Granted, a 7-0 first quarter lead was hardly indicative of assured Titan success. The Texans’ offense could overcome such a deficit. A loss would not have dramatically altered the fortunes of either team, as significant flaws would hold both back from playing to their potential. Tennessee might have been in a better position at 6-5, but all of the associated drama with Vince Young would have hobbled the Titans.

However, the loss of a shutout would deprive the Texans of perhaps one of the strangest victories in franchise history. In particular, that 20-0 results remains the last time that the Texans blanked an opponent. What is remarkable is that in the 2010s, the strength of the Texans resided on the defensive side. Top coordinators such as Wade Phillips and Romeo Crennel, who did much to make the Texans playoff contenders, never saw one of their Texans defense pitch an in-game shutout. The 2011/2012 defenses, arguably staffed with the best overall defensive talent in team history, nor the 2016 squad, which finished #1 in the NFL in total overall defense, managed to goose-egg an opponent.

Side note: For all of his defensive greatness and his role as one of the greatest professional athletes to ply his trade in Houston history, JJ Watt has never played on a defense that shut out an opponent in the NFL. 3 Defensive Player of the Year wins, a boat load of league awards, a runner-up finish as league MVP…he never lead his defenses to a shutout. Since he moved over to Arizona, that streak has continued.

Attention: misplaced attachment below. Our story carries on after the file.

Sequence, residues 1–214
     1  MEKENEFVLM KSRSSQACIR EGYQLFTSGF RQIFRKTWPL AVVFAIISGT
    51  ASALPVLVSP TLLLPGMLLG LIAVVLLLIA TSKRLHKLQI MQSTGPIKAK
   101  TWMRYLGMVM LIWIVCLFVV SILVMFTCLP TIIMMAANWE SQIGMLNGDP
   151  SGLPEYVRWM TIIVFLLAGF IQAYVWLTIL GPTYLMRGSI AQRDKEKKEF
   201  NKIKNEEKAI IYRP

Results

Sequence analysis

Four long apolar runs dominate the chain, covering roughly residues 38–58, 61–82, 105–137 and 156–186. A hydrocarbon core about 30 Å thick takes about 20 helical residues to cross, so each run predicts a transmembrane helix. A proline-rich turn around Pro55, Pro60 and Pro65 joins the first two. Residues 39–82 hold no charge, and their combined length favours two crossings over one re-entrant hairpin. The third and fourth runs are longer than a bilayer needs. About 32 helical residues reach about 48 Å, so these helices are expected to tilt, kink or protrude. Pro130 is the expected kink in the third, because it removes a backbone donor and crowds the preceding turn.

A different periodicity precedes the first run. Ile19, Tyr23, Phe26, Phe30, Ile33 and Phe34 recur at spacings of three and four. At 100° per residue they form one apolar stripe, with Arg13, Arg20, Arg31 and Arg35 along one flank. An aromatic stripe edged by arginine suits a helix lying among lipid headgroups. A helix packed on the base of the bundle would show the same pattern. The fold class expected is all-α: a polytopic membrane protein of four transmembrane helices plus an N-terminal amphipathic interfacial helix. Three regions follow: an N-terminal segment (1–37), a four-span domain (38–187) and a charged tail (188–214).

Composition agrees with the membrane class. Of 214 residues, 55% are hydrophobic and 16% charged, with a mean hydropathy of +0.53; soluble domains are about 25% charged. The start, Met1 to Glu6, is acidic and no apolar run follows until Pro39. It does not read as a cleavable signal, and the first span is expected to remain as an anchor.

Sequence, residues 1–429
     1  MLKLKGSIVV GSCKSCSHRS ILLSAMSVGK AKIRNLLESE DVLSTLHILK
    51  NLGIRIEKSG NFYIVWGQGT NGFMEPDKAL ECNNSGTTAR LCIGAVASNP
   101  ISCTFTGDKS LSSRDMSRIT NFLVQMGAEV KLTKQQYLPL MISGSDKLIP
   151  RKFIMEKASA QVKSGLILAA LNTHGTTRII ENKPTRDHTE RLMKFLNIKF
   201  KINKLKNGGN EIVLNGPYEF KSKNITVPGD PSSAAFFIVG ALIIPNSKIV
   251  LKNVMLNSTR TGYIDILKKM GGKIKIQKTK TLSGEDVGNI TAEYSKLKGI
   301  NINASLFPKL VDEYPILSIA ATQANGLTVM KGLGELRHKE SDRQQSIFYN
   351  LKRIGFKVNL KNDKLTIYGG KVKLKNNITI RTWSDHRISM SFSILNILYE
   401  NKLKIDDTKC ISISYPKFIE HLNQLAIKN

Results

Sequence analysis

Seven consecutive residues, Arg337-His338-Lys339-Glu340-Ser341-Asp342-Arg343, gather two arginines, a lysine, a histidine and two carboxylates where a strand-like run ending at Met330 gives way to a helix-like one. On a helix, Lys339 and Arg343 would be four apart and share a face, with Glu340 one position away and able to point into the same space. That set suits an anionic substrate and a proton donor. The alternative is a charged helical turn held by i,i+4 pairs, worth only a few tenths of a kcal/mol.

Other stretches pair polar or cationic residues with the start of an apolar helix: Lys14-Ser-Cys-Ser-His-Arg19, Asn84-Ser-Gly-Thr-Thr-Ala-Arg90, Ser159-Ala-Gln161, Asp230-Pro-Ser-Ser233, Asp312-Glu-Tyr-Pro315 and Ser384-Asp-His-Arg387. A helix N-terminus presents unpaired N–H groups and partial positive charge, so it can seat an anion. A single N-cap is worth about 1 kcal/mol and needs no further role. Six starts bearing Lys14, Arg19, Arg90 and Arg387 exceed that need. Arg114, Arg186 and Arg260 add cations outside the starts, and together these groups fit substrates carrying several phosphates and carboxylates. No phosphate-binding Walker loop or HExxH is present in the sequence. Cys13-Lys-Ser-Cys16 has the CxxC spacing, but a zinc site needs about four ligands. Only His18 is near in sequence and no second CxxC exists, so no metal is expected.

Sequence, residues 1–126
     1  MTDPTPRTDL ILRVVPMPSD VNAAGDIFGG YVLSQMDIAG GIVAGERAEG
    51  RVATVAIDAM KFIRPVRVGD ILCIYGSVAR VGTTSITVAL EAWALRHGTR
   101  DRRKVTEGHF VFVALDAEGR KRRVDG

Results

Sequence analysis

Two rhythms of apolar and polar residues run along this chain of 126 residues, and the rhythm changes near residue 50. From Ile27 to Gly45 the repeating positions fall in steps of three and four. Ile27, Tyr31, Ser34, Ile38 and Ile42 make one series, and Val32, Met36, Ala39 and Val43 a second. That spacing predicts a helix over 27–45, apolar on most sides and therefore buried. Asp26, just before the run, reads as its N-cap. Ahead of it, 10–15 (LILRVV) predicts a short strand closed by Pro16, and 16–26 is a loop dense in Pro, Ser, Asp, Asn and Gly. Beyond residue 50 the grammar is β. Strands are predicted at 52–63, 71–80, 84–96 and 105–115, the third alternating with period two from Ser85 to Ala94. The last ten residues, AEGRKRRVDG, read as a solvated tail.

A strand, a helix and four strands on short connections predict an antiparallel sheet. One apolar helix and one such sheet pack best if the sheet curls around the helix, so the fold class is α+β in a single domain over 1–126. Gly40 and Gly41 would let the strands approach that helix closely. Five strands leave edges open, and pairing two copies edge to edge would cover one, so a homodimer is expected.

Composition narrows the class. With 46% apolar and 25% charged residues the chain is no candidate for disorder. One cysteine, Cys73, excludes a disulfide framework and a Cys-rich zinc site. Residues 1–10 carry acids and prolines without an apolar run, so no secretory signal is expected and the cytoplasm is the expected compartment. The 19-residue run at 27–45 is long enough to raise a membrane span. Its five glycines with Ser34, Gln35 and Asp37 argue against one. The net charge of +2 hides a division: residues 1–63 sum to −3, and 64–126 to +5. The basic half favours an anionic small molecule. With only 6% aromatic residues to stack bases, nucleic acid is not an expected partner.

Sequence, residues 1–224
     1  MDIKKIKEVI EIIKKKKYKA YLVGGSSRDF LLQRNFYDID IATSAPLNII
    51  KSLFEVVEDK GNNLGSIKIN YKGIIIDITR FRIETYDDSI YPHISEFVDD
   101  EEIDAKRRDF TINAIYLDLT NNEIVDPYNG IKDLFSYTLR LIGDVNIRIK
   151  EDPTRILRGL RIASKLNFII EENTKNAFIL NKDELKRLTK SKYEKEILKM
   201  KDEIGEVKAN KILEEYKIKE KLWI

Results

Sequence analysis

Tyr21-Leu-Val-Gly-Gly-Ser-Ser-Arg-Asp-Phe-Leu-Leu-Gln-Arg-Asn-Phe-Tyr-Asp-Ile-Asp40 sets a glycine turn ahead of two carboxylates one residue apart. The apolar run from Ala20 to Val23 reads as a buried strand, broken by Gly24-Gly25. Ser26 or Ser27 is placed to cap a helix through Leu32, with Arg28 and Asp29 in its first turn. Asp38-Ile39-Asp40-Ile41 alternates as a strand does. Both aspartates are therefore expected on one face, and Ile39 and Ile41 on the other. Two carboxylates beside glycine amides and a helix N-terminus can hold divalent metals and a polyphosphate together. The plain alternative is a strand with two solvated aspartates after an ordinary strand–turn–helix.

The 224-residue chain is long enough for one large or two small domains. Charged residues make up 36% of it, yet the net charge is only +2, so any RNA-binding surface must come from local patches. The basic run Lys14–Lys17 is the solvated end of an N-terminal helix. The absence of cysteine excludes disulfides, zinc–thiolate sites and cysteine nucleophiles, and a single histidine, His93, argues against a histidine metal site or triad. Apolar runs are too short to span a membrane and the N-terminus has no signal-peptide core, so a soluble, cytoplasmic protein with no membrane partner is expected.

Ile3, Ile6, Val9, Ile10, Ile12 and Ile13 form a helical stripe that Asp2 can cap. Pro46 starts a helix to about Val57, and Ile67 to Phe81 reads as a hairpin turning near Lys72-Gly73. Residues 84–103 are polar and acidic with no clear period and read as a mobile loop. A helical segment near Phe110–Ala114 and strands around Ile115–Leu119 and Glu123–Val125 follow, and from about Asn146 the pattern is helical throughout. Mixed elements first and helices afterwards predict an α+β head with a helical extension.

Seattle Seahawks v Houston Texans
Who wants to be the one to tell @JJWatt that he’s never been a part of a defense that shut out an opponent?
Photo by Bob Levey/Getty Images

Before this 2010 game, the last shutout in Houston history occurred back in 2004, when the Houston Texans blanked the Jacksonville Jaguars 21-0. There have been multiple games where the Texans only allowed one score, be it a FG or TD. Concurrently, the Texans have been blanked multiple times by other teams, including the Wild Card Abomination of 2015 (30-0) and twice in 2021.

There is one other reason why this fairly meaningless game stands out in Texans history. Deep into the 4th quarter, with the Texans comfortably ahead 17-0, the most explosive actions on the field took place between Andre Johnson and Courtland Finnegan. Finnegan, long considered one of the bigger trash-talking/pest players in the league, did what few had ever done: broke the seemingly calm veneer of Andre Johnson. Thus we have one of the most viewed highlights in team history:

Both players were ejected from the game. The NFL does not, surprisingly enough, use a scoring system to determine the winner of such fights, but there is little doubt about who “won” that round. The jokes about Johnson being the best hitter on the 2010 team, especially in comparison with the overall defense performance, just write themselves.

In the end, Frank Bush did not last beyond the 2010 season, despite the shutout. While Kubiak still kept his job, 2011 was a win-or-else type year. Bob McNair’s usual patience was at an end. Everyone associated with the Texans knew this. At the heart of the Texans’ problems: Fix the defense.